PAG URBAN LANDSCAPE SHOW
What is the thread that ties together the photographs on display in the PAG Urban Landscape Show? Here’s a clue: serendipity.
One of the joys of cities everywhere is that-- as you wander through their streets and plazas, back alleys and bridges, waterfronts and corner cafés --you are constantly bombarded with a dazzling, never-ending array of changing views and found visual moments. Cities are humanly constructed kaleidoscopes daring us to open our eyes to their wonder.
During the mid-nineteenth century, the French discovered the sublime pleasure of carefree urban strolling — they coined the term “flâneur” for the artist/street wanderer. Poet Charles Baudelaire wrote that “his passion and his profession is to become one with the crowds; to see the world, to be at the center of the world, and yet to remain hidden from the world.”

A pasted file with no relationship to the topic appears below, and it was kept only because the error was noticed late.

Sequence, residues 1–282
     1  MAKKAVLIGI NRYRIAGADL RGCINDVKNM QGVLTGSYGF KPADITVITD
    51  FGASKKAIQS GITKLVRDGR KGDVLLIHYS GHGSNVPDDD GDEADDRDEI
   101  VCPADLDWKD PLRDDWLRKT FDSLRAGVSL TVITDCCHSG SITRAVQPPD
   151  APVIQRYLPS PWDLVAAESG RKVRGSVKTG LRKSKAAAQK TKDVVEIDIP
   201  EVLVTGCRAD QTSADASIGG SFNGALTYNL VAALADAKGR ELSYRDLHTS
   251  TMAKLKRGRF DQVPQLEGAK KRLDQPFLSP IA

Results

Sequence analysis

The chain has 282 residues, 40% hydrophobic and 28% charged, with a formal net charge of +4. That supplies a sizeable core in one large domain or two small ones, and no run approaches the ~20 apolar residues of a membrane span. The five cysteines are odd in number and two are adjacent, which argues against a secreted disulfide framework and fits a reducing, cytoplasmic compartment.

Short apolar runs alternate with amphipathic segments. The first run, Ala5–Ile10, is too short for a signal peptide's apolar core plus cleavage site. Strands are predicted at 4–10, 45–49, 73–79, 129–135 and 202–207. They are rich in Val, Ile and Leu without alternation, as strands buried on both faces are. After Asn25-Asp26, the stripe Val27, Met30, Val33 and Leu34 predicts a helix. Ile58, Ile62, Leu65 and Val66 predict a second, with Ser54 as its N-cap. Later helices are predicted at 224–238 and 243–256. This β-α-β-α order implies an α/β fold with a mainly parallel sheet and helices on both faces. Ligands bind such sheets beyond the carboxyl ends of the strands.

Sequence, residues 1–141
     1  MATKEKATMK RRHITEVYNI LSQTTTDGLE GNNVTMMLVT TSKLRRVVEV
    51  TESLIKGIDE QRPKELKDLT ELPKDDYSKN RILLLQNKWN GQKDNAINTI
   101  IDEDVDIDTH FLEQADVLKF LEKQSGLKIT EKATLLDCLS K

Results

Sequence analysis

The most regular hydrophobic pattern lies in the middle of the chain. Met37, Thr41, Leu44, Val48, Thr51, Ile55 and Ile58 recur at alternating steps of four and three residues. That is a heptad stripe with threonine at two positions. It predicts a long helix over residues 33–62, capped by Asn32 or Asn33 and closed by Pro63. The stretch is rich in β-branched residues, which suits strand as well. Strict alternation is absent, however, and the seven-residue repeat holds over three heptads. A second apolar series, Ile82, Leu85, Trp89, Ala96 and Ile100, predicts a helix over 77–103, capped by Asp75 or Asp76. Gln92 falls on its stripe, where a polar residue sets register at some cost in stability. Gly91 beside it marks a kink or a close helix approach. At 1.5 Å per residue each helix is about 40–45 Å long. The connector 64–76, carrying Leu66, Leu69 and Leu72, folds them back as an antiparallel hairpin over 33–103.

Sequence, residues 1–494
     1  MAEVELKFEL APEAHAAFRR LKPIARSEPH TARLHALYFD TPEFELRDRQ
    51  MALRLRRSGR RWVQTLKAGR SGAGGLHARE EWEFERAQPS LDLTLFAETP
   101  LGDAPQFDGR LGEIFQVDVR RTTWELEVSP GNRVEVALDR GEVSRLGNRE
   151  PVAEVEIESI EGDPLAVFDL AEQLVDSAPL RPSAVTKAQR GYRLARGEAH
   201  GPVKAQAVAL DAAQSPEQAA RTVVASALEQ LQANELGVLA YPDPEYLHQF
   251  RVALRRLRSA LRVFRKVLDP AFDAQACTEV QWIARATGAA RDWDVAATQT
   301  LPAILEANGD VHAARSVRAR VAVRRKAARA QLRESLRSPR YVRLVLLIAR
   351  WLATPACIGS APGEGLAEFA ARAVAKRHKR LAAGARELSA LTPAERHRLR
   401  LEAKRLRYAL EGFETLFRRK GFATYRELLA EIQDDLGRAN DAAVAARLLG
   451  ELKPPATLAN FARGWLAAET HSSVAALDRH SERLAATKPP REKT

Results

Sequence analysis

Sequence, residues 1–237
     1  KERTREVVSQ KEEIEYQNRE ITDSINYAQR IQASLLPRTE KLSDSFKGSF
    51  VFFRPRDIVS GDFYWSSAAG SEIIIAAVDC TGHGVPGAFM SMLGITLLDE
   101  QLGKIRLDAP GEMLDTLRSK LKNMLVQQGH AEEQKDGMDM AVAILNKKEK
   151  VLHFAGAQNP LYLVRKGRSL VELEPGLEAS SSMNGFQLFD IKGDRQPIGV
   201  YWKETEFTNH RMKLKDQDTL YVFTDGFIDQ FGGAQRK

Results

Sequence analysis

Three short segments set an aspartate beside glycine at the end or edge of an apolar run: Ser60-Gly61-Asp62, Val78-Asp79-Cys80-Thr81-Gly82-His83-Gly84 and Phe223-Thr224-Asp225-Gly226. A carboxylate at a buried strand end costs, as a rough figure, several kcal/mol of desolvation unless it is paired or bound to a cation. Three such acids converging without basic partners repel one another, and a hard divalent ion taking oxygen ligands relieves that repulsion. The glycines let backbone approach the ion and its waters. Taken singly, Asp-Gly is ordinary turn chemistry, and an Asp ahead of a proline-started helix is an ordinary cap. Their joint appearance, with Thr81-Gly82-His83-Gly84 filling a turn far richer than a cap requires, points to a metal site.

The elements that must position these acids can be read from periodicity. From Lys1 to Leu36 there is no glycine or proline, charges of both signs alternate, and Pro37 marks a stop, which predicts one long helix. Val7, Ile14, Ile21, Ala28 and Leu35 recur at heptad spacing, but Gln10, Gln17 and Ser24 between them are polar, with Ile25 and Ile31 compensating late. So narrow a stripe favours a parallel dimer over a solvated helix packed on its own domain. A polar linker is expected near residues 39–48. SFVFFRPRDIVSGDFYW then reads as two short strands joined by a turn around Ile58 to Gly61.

German writer Walter Benjamin called flâneurs “modern urban spectators, amateur detectives and investigators of the city.”
Our PAG detectives have been busy shooting in niches, tunnels, corners, and side-streets in the far-flung cities of China, India, Jordan, Brazil, the Czech Republic, and Italy, or in more familiar spaces from New York City to San Diego.
A soaring bridge, an ancient Chinese street, layers of Middle Eastern housing cascading down an urban hillside—each can transform an everyday streetscape into a painting. This urban palette comes alive in a blur of color, light, movement-- bicycles, yellow taxis, luggage carts, hanging laundry, murals, people chatting, waiting, or carrying baskets on their head alongside pastel colonial buildings. Witness the sublime silence of the moon rising over a downtown skyline, the mysterious façade of a building, the poetic juxtaposition of people, vehicles, and buildings on a legendary civic square in New York City.
The flâneur is alive and well in San Diego!
Essay by Larry Herzog
© Photo Arts Group